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Characteristics and toxicant emissions of JUUL electronic cigarettes
  1. Soha Talih1,
  2. Rola Salman1,
  3. Rachel El-Hage2,
  4. Ebrahim Karam1,
  5. Nareg Karaoghlanian1,
  6. Ahmad El-Hellani2,
  7. Najat Saliba2,
  8. Alan Shihadeh1
  1. 1 Department of Mechanical Engineering, American University of Beirut, Beirut, Lebanon
  2. 2 Chemistry, American University of Beirut, Faculty of Arts and Sciences, Beirut, Lebanon
  1. Correspondence to Professor Alan Shihadeh, Department of Mechanical Engineering, American University of Beirut, Beirut, 11-0236, Lebanon; as20{at}aub.edu.lb

Abstract

Introduction JUUL is an electronic cigarette (ECIG) with a compact form factor. It is prefilled with a liquid that is advertised to contain a high concentration of nicotine salt. JUUL commands 50% of the US ECIG market share, and its wide popularity with underage users has triggered unprecedented actions by the US FDA. Apart from its nicotine salt-containing liquid and compact form, a salient advertised design feature is a control circuit that limits the heating coil temperature, presumably reducing unwanted toxicants. In this study, several tobacco-flavoured JUUL devices were reverse engineered, and their aerosol emissions were studied.

Methods Total nicotine and its partitioning (freebase and protonated), propylene glycol/vegetable glycerin (PG/VG) ratio, and carbonyls were quantified by gas chromatography (GC) and high performance liquid chromatography (HPLC). The temperature control functionality of JUUL was investigated using a temperature-controlled bath in which the coil was submerged.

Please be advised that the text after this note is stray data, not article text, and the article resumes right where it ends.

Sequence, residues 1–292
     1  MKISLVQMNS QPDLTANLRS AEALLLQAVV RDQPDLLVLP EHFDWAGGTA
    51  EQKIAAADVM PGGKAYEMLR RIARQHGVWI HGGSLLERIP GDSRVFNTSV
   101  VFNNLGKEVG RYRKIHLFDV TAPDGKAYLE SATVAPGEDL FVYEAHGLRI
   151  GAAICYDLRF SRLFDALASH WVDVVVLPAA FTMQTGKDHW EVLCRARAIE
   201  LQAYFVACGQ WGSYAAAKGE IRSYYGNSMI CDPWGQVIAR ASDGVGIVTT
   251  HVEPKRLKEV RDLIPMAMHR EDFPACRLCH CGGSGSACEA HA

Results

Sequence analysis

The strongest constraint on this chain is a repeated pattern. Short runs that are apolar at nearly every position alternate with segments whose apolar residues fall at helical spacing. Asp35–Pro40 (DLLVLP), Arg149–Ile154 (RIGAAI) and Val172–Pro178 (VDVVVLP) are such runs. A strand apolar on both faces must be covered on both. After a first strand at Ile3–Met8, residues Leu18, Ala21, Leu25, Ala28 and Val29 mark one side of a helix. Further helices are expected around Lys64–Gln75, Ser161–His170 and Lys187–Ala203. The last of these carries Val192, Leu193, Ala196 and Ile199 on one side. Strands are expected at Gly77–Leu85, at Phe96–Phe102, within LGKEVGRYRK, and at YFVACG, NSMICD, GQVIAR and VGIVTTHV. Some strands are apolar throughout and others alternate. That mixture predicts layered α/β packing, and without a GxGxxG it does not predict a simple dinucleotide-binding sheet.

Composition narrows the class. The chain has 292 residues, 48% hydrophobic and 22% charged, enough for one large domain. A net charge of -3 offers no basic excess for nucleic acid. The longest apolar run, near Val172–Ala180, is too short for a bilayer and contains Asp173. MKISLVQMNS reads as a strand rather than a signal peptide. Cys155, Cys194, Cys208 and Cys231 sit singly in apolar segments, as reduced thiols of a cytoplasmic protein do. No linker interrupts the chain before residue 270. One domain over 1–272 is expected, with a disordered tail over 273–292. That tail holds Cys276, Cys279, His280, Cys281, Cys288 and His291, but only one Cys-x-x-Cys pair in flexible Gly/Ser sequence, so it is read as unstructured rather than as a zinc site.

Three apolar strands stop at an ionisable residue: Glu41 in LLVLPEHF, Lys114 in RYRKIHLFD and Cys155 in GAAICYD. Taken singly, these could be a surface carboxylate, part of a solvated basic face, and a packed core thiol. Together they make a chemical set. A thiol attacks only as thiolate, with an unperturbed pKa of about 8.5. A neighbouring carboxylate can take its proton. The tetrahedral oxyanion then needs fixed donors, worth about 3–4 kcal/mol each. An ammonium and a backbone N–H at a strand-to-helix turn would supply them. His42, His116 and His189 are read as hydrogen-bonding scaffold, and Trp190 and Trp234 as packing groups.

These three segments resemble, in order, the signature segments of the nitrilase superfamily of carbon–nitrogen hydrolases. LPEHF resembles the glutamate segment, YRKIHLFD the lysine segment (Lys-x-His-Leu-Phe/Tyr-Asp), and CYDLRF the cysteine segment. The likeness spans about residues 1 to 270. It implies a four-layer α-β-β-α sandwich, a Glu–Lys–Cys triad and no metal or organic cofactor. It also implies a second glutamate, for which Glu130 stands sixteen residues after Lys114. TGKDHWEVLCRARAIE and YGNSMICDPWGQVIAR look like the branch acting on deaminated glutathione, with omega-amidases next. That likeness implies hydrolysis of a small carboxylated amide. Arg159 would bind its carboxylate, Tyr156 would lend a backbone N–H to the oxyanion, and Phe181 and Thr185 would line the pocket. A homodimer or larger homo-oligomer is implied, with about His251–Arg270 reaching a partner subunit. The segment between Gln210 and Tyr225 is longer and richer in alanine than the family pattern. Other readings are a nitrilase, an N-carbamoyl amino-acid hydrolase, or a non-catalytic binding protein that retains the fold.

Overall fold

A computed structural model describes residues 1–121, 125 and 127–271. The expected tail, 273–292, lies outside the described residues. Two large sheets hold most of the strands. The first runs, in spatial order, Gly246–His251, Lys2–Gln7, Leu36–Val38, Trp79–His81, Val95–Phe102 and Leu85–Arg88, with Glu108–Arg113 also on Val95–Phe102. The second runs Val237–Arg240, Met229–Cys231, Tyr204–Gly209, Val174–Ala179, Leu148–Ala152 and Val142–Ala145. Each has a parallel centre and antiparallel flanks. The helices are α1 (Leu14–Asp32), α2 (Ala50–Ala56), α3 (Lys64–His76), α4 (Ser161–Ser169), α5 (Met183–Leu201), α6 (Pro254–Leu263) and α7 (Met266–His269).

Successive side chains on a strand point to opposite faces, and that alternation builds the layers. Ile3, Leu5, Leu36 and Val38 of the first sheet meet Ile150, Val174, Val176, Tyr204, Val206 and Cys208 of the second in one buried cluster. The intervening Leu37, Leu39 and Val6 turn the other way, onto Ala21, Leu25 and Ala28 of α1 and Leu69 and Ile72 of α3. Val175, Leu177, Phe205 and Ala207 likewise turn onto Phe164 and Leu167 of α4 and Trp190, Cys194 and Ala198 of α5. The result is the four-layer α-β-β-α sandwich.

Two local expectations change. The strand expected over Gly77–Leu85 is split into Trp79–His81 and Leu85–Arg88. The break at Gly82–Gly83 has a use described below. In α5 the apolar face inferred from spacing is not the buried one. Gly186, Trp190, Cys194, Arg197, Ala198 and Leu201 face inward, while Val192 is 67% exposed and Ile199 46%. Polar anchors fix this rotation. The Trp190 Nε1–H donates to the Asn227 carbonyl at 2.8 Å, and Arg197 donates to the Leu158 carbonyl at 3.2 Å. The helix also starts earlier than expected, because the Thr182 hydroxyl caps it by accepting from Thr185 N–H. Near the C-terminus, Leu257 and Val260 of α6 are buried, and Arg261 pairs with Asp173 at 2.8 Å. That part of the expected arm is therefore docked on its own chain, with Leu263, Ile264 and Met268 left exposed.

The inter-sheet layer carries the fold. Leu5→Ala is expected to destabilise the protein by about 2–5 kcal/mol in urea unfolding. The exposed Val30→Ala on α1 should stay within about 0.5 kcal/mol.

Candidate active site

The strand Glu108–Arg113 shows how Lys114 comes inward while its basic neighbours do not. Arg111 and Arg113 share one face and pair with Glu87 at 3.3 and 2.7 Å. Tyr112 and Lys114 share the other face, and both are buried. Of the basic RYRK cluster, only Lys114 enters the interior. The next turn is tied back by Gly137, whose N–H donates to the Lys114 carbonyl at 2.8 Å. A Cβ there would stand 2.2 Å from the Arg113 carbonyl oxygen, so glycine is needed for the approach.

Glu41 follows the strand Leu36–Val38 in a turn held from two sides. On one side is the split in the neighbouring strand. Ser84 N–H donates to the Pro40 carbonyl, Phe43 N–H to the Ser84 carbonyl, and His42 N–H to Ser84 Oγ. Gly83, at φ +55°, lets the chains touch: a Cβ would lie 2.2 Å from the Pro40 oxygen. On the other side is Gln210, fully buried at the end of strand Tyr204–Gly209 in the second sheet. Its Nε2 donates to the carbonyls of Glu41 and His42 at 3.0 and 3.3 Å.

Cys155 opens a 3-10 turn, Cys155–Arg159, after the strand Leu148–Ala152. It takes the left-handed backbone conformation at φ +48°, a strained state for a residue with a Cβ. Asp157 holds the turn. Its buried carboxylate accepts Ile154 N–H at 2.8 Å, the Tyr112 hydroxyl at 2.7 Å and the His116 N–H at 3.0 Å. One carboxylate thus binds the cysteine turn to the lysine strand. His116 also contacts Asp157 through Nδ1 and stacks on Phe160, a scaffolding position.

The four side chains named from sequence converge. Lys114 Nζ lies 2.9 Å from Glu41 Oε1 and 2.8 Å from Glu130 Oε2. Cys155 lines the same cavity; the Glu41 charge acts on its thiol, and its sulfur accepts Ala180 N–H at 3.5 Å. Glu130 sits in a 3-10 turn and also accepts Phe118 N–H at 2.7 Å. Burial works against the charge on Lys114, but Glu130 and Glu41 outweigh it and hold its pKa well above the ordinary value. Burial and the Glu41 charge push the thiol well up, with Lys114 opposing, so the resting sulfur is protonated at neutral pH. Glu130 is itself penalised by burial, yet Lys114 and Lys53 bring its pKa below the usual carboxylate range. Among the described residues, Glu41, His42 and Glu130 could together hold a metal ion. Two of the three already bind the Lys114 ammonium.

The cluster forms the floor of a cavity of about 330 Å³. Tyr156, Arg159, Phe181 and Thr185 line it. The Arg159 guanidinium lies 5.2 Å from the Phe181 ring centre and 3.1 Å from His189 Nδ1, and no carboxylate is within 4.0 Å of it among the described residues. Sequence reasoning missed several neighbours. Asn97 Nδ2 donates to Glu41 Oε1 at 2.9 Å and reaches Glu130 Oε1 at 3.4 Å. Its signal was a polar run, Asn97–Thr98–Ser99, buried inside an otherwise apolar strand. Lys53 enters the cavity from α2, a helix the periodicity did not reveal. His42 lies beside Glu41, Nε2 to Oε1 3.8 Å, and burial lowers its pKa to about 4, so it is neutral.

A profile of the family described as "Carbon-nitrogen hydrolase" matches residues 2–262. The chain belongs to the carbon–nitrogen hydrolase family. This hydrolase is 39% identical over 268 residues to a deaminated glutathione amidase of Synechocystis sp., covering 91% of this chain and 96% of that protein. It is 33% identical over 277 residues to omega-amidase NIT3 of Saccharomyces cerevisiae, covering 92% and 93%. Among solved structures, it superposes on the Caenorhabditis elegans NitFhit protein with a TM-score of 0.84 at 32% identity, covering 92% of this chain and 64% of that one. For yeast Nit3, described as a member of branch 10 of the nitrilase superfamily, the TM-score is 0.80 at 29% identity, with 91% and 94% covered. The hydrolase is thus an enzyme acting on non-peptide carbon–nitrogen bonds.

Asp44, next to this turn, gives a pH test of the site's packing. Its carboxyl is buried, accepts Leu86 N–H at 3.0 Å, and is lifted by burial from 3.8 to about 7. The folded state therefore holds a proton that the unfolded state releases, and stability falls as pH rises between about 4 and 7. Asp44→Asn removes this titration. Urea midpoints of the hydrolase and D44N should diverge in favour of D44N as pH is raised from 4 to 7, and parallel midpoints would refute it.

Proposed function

Results The liquid nicotine concentration was found to be 69 mg/mL, and the liquid and aerosol PG/VG ratio was found to be 30/70. In 15 puffs, JUUL emitted 2.05 (0.08) mg of nicotine, overwhelmingly in the protonated form. Carbonyl yields were significantly lower than those reported for combustible cigarettes, but similar to other closed-system ECIG devices. The heating coil resistance was 1.6 (0.66) Ohm, while the maximum power delivered by the JUUL device was 8.1 W. The control circuit limited the peak operating temperature to approximately 215C.

Conclusions JUUL emits a high-nicotine concentration aerosol predominantly in the protonated form. JUUL’s nicotine-normalised formaldehyde and total aldehyde yields are lower than other previously studied ECIGs and combustible cigarettes.

  • nicotine
  • carcinogens
  • electronic nicotine delivery devices

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Footnotes

  • Contributors ST, RS, REH, EK, NK, AE-H, NS and AS: conception and design of research. RS, EK and REH: performed experiments. ST, RS and AS: analysed the data. ST and AS prepared figures. ST and AS: drafted manuscript. ST, RS, REH, EK, NK, AE-H, NS and AS: edited, revised and approved final version of manuscript.

  • Funding This work was supported by the National Institute on Drug Abuse of the National Institutes of Health (grant number P50DA036105 and 2U54DA036105-06) and the Center for Tobacco Products of the US Food and Drug Administration.

  • Disclaimer The content is solely the responsibility of the authors and does not necessarily represent the official views of the National Institutes of Health or the Food and Drug Administration.

  • Competing interests AS is a paid consultant in litigation against the tobacco industry and is named on a patent application for a device that measures the puffing behaviour of electronic cigarette users.

  • Patient consent Not required.

  • Provenance and peer review Not commissioned; externally peer reviewed.

  • Correction notice This article has been corrected since it was published Online First. Additional funding information has been added.

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